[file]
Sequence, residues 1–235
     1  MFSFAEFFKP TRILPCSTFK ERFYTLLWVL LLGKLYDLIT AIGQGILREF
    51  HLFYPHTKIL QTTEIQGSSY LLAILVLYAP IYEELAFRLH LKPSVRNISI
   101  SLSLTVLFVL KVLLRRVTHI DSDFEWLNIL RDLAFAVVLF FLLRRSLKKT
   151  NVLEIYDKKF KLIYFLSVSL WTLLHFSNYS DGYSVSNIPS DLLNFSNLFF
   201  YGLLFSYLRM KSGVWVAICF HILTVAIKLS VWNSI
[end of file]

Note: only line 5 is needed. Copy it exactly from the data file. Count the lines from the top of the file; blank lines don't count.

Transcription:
   151  NVLEIYDKKF KLIYFLSVSL WTLLHFSNYS DGYSVSNIPS DLLNFSNLFF